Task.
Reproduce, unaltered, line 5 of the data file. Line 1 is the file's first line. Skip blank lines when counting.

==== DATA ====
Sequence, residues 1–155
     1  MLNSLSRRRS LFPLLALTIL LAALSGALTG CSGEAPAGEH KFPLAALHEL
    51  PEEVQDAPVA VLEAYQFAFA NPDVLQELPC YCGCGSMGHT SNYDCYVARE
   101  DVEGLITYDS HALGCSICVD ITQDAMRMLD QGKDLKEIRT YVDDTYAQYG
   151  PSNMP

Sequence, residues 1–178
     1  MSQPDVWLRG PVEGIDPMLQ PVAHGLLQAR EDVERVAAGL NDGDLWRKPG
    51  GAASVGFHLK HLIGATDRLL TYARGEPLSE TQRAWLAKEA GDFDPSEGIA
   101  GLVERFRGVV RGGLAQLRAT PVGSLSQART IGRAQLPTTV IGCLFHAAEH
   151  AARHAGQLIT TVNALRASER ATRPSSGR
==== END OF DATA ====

   151  PSNMP